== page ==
Significance Statement: Gastric vagal afferent responses to tension are dampened in high fat diet-induced obesity. Endocannabinoids are known to dose-dependently inhibit and excite gastric vagal afferents but their effect on gastric vagal afferents in diet-induced obesity are unknown. In individual gastric vagal afferent neurons of diet-induced obese mice the co-expression of components of the endocannabinoid system, including CB1, GHSR, TRPV1 and FAAH, was increased compared with lean mice. In high fat diet-induced obese mice, methanandamide only inhibited gastric vagal afferent responses to tension, possibly due to the observed change in the balance of receptors, hormones and breakdown enzymes in this system. Collectively, these data suggest that endocannabinoid signalling, by gastric vagal afferents, is altered in diet-induced obesity which may impact satiety and gastrointestinal function. Abstract: Gastric vagal afferents (GVAs) play a role in appetite regulation. The endocannabinoid anandamide (AEA) dose-dependently inhibits and excites tension-sensitive GVAs. However, it is also known that high fat diet (HFD) feeding alters GVA responses to stretch. The aim of this study was to determine the role of AEA in GVA signalling in lean and HFD-induced obese mice. Male C57BL/6 mice were fed (12 weeks) a standard laboratory diet (SLD) or HFD. Protein and mRNA expression of components of the cannabinoid system was determined in individual GVA cell bodies and the gastric mucosa. An in vitro GVA preparation was used to assess the effect of methanandamide (mAEA) on tension-sensitive GVAs and the second messenger pathways involved. In individual GVA cell bodies, cannabinoid 1 (CB1) and ghrelin (GHSR) receptor mRNA was higher in HFD mice than SLD mice. Conversely, gastric mucosal AEA and ghrelin protein levels were lower in HFD mice than SLD mice. In SLD mice, mAEA exerted dose-dependent inhibitory and excitatory effects on tension-sensitive GVAs. Only an inhibitory effect of mAEA was observed in HFD mice. The excitatory effect of mAEA was dependent on CB1, transient receptor potential vanilloid 1 (TRPV1) and the protein kinase C. Conversely, the inhibitory effect was dependent on CB1, growth hormone secretagogue receptor, TRPV1 and the protein kinase A. Endocannabinoids, acting through CB1 and TRPV1, have a pivotal role in modulating GVA satiety signals depending on the second messenger pathway utilised. In HFD mice only an inhibitory effect was observed. These changes may contribute to the development and/or maintenance of obesity.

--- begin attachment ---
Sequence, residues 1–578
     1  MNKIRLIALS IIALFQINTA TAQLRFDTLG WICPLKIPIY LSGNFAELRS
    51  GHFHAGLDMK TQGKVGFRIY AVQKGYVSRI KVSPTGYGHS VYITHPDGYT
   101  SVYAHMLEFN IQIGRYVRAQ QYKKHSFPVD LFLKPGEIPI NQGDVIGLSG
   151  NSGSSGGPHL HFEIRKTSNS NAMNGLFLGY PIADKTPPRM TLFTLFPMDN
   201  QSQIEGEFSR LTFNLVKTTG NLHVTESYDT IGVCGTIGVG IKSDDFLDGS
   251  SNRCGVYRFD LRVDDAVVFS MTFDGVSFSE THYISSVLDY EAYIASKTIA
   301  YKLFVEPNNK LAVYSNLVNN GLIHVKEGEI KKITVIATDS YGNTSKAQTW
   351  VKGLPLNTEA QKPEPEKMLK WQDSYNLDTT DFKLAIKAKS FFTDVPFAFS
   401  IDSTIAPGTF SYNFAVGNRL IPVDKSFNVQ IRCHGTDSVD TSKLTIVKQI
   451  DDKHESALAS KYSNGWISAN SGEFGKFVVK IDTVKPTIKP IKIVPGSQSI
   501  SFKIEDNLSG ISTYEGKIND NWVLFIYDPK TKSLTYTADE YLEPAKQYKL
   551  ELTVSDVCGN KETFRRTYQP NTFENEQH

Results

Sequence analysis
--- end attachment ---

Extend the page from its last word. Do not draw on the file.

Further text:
- high fat diet-induced obesity
- vagal afferents
ASJC Scopus subject areas